What is the best practice advice for drying off cows?
Drying off cows properly at the end of their lactation is a very important process that allows the cow to heal and prepare for her next lactation, according to Teagasc dairy specialist Dr. Tom O’Dwyer.
O’Dwyer outlined the correct procedure and best practice to presenter Claire McCormack on the latest episode of FarmLand this evening (Thursday, November 1).
“The drying off process is a very important process that takes place at the end of lactation. It defines the end of the lactation, so it’s a stop point.”
O’Dwyer noted that by drying off their cows, farmers allow the cows’ udders to repair themselves from the ended lactation and to prepare for the next during the recommended 60 days of dry period.
The head of Dairy Knowledge Transfer at Teagasc Moorepark described the best practice guidelines, noting that there are three segments in the process: before the drying off day; the drying off event itself; and then afterwards.
“Preparation is key to all three; and hygiene is very important for the second piece particularly, the drying off event itself.”
O’Dwyer said that, ideally, farmers should have milk recorded their cows during the lactation and they should keep information on individual cows to know which cows have been infection within the herd.
“Then they should also be doing a culture – taking a sample of milk from a number of cows and getting that cultured in a laboratory to find out which bugs are actually causing the mastitis infection.”
This, he said, allows farmers to better choose the appropriate antibiotic to use at drying off.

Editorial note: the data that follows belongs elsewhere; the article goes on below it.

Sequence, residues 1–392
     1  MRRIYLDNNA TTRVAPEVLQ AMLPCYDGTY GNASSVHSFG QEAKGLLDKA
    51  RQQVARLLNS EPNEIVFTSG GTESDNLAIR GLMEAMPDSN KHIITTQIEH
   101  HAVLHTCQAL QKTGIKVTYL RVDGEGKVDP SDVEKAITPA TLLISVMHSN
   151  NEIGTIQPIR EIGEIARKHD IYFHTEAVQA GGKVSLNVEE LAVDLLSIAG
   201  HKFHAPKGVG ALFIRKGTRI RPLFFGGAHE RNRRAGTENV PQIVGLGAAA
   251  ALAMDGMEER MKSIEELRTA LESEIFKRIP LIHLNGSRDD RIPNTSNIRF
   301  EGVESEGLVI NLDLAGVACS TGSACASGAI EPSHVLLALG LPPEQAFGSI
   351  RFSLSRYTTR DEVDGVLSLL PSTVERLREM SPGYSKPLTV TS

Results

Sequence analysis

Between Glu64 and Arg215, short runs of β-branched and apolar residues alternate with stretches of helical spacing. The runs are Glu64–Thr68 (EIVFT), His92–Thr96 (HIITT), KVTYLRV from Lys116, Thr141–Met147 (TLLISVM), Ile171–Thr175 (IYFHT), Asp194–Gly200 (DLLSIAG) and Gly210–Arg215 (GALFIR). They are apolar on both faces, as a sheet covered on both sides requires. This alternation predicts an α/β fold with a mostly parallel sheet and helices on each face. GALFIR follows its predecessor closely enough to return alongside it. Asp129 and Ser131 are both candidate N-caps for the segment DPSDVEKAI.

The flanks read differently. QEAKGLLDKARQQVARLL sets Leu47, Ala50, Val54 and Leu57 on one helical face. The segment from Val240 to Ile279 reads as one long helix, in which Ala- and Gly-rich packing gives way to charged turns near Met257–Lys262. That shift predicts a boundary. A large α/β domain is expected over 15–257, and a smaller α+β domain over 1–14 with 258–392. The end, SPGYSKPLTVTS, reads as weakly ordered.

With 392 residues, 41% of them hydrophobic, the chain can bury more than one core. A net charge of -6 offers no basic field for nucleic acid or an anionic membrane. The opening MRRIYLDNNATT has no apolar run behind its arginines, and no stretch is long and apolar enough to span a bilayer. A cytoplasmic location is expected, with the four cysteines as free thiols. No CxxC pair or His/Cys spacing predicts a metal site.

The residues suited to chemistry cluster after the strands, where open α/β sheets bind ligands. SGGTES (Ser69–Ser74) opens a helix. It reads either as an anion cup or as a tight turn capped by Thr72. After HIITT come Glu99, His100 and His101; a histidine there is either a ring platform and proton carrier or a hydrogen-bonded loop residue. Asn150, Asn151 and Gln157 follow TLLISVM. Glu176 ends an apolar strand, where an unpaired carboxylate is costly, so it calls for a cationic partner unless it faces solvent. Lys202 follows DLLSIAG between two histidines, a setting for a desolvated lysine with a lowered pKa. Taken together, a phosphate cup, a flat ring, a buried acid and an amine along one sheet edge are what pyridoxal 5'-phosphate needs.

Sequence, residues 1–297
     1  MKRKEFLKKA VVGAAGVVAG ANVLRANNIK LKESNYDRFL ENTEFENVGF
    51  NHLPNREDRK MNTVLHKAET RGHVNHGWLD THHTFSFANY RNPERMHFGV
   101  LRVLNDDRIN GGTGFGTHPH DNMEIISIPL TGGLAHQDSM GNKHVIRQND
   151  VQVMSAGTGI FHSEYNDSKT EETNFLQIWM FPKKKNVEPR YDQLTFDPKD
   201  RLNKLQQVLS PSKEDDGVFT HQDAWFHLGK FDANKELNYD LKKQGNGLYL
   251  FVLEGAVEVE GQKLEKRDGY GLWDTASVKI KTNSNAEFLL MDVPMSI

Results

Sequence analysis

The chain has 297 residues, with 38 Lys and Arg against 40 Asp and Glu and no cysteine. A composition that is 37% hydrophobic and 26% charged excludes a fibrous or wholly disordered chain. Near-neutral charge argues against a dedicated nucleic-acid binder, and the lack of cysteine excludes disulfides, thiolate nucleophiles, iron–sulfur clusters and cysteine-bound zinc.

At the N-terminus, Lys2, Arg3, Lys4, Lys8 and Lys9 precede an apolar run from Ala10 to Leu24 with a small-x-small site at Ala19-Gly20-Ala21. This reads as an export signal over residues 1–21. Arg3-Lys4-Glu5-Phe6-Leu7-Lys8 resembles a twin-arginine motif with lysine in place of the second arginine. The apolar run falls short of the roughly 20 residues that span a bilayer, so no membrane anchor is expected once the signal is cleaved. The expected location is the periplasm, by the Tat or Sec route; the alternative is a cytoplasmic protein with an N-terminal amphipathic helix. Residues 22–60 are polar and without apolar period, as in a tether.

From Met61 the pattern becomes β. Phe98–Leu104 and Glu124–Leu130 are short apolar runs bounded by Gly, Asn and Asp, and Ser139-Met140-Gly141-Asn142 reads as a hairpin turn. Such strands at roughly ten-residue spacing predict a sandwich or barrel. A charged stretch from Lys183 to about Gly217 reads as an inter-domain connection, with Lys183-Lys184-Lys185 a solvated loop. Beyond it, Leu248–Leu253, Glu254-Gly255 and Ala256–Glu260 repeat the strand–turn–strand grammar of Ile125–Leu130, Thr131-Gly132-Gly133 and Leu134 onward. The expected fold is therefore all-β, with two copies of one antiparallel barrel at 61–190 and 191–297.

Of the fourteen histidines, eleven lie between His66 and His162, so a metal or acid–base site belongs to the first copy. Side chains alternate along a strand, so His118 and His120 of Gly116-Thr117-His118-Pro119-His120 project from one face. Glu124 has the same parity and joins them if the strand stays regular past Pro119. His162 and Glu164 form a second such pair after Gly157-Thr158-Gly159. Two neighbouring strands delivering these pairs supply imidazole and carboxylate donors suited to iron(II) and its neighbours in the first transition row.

“And also, having got those two pieces of information, they should sit down with their veterinary practitioner and talk about what is the best veterinary product to use at drying off.”
“On the day itself, hygiene is highly important, and the other thing I’d mention is help.
“There’s a lot of work goes into this, to get it done right, and with larger herd sizes, one farmer taking on to dry off a large number of cows on a morning; there’s a lot of work. So help could be needed. Hygiene is also very important.”
O’Dwyer stressed the importance of good hygiene in the parlour, advising farmers to ideally have their cows’ tails clipped two to three weeks in advance of drying off.
On the day itself, the expert recommended that farmers have the area cleaned off and hosed down and to identify and separate the selected cows during the morning milking.
After getting the equipment to be used ready, farmers should take a short break or get a cup of tea between milking and carrying out the drying off process.
Regarding the process itself, he said it is extremely important that the teat end is clean.
The only way that bacteria can get into the udder is through the teat end and, if the teat end isn’t clean, there’s a risk that you are going to push dirt up in front of the tube when you’re administering the antibiotic into the udder.
O’Dwyer recommended that farmers use a piece of cotton wool dipped in methylated spirits to clean the teat ends for 10 seconds.
Should the cotton wool be dirty after cleaning, the process should be repeated, he added.
“But that’s what we mean by hygiene. It takes cotton wool, methylated spirits – and it takes time.”
Approaching dry off, farmers need to identify which cows aren’t milking well, which are near the end of their lactation.
“Our guideline figure within Teagasc is cows milking within 8-10L per day; and once they’re at that sort of a level of milk yield, they’ll dry off more easily than a cow that’s milking 12-15L of milk a day.
“Secondly then, you want to reduce the plain of nutrition for the milking cow in the run-up to the drying off event.
“So, if farmers have got cows on grass, and maybe they’re feeding 3-4 or 5kg of meal with grass; or if they’re indoors and they’re getting meal and silage, drop down the meal feeding levels for the couple of days in the run-up to dry off, and that will lower the milk production level and it’ll make it easier for the cow to dry off.”
He highlighted that on some farms there are lower-than-expected cure rates and higher-than-ideal rates of new infection being picked up.
“The risk is that if the job isn’t done right you don’t get the results that can be delivered.”